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STEM program helps kids look beyond the stars - Tech Learning

STEM program helps kids look beyond the stars

Project Lead The Way (PLTW) and Analytical Graphics, Inc. (AGI) have partnered to bring AGI's analysis and 3-D visualization software to PLTW's Aerospace Engineering classrooms throughout the country.
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Project Lead The Way (PLTW) and Analytical Graphics, Inc. (AGI) have partnered to bring AGI's analysis and 3-D visualization software to PLTW's Aerospace Engineering classrooms throughout the country.

PLTW's science, technology, engineering and math (STEM) program includes an Aerospace Engineering course that covers topics from airfoil design to planetary rover programming and space travel.

AGI, a producer of analysis software for the aerospace, defense and intelligence communities, will provide PLTW Aerospace Engineering classrooms with free access to its software, allowing students to create 3-D scenarios of complex space-related topics and to solve real space analysis problems. All PLTW Aerospace Engineering classrooms will have access to the technology beginning in fall 2011.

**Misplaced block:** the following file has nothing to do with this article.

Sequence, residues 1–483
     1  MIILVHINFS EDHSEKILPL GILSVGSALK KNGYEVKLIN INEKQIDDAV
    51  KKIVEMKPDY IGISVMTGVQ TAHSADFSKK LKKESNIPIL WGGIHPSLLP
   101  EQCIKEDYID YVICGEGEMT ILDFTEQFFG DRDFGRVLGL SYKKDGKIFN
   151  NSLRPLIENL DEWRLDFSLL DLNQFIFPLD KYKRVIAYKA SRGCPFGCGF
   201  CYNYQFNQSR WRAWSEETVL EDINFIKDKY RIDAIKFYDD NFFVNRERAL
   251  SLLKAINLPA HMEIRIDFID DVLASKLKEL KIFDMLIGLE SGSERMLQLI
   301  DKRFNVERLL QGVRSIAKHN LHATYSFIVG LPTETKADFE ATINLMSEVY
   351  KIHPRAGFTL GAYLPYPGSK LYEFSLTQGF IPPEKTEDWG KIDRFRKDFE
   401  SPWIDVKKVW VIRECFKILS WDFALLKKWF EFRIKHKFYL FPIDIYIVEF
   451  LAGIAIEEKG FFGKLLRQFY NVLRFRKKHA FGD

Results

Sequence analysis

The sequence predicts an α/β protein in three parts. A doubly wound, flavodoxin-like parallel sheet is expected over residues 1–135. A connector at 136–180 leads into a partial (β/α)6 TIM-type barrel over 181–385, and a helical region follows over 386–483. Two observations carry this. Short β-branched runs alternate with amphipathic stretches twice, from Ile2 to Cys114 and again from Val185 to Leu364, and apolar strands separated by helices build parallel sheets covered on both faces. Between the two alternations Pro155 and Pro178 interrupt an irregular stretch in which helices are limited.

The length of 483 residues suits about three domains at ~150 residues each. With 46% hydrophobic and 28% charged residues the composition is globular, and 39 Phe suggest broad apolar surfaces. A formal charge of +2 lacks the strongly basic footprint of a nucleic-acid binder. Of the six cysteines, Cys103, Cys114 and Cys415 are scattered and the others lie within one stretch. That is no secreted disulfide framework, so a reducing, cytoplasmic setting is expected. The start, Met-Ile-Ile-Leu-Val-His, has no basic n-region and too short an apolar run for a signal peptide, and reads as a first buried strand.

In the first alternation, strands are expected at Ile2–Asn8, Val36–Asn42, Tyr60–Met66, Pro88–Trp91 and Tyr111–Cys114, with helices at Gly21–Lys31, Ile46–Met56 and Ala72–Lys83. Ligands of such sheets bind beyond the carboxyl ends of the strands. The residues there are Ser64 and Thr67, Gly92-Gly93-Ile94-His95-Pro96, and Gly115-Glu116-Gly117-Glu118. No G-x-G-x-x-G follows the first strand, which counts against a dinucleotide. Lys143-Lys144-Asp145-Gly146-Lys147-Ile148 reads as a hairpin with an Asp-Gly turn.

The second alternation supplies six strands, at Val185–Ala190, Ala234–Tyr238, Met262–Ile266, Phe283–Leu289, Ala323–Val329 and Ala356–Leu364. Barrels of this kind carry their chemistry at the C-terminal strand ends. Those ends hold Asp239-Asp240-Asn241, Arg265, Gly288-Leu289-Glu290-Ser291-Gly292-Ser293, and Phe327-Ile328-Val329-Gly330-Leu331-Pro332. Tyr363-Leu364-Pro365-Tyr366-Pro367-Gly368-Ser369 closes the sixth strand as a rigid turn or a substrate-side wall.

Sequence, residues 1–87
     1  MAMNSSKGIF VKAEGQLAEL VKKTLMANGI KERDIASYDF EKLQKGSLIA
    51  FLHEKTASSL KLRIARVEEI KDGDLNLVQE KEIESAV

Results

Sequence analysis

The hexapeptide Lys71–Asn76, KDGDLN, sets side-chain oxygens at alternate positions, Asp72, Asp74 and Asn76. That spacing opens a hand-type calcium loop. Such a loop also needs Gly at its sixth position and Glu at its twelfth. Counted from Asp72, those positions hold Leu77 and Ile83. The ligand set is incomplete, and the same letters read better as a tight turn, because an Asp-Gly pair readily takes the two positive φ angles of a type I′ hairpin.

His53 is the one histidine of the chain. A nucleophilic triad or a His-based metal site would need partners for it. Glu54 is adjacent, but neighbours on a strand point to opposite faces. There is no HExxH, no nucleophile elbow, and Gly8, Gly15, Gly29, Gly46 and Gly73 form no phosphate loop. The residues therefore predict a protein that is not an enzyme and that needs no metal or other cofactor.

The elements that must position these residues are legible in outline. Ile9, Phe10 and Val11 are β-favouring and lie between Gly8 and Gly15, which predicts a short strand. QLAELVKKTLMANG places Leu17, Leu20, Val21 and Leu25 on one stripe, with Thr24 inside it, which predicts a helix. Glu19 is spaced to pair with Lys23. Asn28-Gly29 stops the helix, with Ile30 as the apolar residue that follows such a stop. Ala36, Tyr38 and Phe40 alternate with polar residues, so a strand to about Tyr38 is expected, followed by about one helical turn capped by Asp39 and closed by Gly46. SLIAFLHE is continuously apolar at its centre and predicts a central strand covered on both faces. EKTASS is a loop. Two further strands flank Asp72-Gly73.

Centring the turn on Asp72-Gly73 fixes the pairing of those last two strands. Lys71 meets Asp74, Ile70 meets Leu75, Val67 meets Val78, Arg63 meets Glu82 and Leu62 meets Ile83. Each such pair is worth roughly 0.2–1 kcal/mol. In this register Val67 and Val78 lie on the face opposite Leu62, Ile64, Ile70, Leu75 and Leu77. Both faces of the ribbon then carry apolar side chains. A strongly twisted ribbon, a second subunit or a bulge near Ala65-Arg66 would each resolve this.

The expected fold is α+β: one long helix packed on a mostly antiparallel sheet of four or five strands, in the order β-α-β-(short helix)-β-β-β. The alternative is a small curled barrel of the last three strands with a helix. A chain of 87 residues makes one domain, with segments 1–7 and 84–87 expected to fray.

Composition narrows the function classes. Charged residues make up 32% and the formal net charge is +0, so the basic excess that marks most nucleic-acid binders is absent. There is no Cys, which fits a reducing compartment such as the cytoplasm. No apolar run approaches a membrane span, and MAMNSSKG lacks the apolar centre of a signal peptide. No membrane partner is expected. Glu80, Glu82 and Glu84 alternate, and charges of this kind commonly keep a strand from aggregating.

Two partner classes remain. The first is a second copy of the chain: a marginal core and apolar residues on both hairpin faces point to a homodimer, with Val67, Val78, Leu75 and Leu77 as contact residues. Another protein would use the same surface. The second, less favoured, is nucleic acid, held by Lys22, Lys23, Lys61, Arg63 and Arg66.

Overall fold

"The more opportunities students have to use their hands and minds to solve real-world problems, the more engaged they become and the more likely they are to continue studying these fields in their academic careers," said John Lock, CEO of PLTW. "AGI's software provides students the opportunity early on to master the very same technology that the world's leading aerospace engineers use in real life."

PLTW is a national, non-profit organization that challenges K-12 students with innovative STEM curricular programs. PLTW provides a hands-on, project-based curriculum that shows students how what they are learning in math and science class applies to the real-world. Each course emphasizes problem-solving, critical thinking and teamwork.

Many PTLW schools around the country have already integrated AGI's software into their Aerospace Engineering curricula.

"Where else can a student have access to the tools used by multi-million dollar corporations to simulate orbital mechanics and become engaged with topics that would otherwise just be theoretical lectures?" said Bryce McLean, an instructor at Coronado High School in Colorado Springs. "The level of understanding and engagement increases by leaps and bounds when the students can sit down, interact with a satellite that they themselves have created and then see the results in the high quality realistic graphics of AGI software."

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